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AIP Conference Proceedings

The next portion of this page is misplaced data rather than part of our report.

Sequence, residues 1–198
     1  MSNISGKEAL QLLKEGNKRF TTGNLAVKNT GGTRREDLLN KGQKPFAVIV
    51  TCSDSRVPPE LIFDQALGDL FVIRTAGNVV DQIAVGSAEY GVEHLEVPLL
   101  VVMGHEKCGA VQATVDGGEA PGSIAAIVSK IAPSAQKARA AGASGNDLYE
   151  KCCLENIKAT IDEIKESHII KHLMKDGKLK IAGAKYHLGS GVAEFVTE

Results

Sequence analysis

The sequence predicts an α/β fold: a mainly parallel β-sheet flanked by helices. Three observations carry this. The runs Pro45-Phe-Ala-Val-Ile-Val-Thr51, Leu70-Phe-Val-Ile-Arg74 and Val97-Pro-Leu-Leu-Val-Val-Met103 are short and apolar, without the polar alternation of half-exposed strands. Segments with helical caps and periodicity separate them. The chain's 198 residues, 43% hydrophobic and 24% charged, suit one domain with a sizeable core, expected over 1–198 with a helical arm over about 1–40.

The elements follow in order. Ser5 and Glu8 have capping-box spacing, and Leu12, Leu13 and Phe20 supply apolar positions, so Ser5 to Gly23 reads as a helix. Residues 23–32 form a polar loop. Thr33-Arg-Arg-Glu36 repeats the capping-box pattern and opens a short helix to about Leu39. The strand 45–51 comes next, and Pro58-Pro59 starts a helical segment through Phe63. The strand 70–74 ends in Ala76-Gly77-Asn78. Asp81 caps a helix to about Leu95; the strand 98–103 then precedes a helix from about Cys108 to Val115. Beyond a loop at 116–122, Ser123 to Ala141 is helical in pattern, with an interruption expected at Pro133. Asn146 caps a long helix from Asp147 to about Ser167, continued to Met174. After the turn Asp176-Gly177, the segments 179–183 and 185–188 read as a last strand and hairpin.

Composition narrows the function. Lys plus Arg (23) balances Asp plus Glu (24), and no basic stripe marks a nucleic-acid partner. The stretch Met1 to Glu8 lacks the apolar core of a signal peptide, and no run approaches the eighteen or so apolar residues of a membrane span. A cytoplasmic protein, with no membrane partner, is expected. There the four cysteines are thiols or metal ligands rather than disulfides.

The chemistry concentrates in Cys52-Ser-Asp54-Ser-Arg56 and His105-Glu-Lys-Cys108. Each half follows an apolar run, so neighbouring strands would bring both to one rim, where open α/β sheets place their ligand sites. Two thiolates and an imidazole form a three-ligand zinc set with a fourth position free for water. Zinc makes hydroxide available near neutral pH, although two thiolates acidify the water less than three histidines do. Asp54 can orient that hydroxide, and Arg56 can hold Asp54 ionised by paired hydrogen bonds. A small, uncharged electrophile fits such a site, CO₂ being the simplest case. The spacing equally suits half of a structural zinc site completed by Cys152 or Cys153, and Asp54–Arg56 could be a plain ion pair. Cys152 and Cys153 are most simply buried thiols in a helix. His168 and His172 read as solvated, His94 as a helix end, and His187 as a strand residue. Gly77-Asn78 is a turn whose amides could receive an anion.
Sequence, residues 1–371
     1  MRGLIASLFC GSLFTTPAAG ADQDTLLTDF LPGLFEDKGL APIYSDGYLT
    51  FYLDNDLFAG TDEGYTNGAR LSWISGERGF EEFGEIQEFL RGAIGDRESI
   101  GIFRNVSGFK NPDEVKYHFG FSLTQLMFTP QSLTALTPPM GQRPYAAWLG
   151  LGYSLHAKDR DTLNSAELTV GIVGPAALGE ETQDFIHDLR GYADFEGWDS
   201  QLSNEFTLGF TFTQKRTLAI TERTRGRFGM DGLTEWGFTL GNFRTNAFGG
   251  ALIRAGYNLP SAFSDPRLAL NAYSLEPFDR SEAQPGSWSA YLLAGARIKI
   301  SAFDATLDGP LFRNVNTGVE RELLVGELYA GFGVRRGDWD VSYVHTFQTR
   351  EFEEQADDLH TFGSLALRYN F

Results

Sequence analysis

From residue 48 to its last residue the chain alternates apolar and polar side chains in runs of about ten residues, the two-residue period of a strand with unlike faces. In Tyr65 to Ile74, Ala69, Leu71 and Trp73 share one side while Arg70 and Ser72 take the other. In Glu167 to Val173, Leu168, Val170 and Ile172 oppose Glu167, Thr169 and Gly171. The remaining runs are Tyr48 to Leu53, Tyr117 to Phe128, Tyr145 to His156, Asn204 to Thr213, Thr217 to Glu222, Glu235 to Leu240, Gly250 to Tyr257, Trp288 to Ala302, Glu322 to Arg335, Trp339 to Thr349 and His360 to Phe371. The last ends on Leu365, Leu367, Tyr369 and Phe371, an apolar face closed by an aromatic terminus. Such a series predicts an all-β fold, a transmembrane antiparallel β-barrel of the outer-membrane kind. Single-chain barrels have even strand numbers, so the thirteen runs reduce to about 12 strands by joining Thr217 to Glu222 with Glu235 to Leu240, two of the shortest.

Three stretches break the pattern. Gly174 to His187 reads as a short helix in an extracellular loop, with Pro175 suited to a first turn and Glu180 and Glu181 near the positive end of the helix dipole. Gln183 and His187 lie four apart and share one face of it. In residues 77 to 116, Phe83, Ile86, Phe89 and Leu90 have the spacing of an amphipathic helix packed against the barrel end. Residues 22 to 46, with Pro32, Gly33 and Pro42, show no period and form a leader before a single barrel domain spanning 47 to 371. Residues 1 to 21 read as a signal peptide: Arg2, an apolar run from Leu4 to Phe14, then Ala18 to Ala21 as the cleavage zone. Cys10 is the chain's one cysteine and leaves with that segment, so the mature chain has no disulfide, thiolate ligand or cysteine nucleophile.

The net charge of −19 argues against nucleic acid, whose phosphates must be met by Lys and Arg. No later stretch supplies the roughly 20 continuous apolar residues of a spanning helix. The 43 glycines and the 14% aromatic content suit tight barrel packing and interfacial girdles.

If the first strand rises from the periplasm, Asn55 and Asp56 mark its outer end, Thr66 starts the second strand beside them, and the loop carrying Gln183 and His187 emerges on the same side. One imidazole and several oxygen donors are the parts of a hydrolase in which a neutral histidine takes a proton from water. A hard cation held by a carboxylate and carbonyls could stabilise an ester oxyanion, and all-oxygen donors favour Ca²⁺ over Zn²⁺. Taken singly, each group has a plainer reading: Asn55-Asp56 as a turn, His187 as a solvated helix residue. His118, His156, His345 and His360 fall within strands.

Nonthermal radiation observed from astrophysical systems containing relativistic jets and shocks, e.g., gamma-ray bursts (GRBs), active galactic nuclei (AGNs), and microquasars commonly exibit power-law emission spectra. Recent PIC simulations of relativistic electro-ion (or electron-positron) jets injected into a stationary medium show that particle acceleration occurs within the downstream jet. In collisionless, relativistic shocks, particle (electron, positron, and ion) acceleration is due to plasma waves and their associated instabilities (e.g., the Weibel (filamentation) instability) created in shock region. The simulations show that the Weibel instability in responsible for generating and amplifying highly non-uniform, small-scale magnetic fields. These fields contribute to the electron's transverse deflection behind the jet head. The resulting "jitter" radiation from deflected electrons has different properties compared to synchrotron radiation, which assumes a uniform magnetic field. Jitter radiation may be important for understanding the complex time evolution and/or spectra in gamma-ray bursts, relativistic jets in general, and supernova remnants.